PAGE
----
One LDS woman, in trying to unravel the confusion for herself, made a list of stories from the Book of Mormon in which God’s power delivered or strengthened someone, often miraculously. Going down the list she asked, “When is this the Atonement’s enabling power, when is it priesthood power, or when is it simply an answer to a prayer?” She asked us, “Are there situations when we should be calling on one of these powers rather than another one?” The doctrine of the Atonement was feeling like a puzzle to her.
Our hope is that we can help clarify some key elements of the doctrine of the Lord’s Atonement, including how we participate in that doctrine. In doing this, we hope you will feel reassured about Christ’s desire to help us lift our burdens, and that you will feel more confident in your ability to stick with Him no matter what. We also hope that as we increase our understanding of what Christ has done for us, we might also increase our willingness to submit to whatever He may ask of us.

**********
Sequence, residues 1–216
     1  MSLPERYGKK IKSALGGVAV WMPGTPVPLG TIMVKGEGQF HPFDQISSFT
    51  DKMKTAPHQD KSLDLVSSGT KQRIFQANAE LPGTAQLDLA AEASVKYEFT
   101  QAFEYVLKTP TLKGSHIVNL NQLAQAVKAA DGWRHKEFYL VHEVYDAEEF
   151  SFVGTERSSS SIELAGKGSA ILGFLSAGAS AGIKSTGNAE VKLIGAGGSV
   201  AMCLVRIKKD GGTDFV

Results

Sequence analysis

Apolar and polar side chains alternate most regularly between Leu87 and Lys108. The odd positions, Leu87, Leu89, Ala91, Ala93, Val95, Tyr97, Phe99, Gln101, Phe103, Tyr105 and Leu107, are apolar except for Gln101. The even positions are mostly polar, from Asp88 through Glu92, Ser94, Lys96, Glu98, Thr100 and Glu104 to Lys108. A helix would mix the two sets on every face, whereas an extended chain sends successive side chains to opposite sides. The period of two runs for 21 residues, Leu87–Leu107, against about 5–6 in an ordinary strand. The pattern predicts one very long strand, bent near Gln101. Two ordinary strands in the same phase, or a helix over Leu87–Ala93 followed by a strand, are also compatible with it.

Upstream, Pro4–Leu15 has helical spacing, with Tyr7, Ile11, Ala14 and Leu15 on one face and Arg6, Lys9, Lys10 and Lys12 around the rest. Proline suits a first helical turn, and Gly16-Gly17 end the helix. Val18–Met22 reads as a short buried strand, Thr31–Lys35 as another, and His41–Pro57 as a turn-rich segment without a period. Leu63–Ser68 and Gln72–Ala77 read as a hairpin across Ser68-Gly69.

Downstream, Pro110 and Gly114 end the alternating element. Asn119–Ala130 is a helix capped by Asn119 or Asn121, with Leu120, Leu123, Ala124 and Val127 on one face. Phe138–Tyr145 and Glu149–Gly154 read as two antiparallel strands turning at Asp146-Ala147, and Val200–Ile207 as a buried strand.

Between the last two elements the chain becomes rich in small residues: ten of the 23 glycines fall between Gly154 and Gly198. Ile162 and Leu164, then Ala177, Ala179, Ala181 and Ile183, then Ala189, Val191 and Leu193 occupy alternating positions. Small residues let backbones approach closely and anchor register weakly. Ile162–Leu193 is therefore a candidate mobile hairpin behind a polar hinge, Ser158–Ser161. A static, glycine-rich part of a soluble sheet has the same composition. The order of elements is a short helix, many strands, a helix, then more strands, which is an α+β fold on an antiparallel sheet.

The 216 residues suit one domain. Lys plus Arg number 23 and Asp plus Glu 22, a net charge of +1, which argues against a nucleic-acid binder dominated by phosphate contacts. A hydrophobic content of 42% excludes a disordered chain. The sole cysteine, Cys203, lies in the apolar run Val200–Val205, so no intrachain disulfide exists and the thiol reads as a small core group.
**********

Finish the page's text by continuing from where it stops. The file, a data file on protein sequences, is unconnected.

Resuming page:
Bruce: Our doctrinal discussion of the Savior’s Atonement begins with the story of Adam and Eve. A friend once asked me, “If Jesus Christ is at the center of the gospel and the center of the temple, why doesn’t the temple endowment teach the story of the life of Christ? What’s all this about Adam and Eve?” As I have thought about his question, I have come to believe that the story of Christ’s life is the story of giving His Atonement. The story of Adam and Eve is the story of receiving His Atonement—and their story is our story.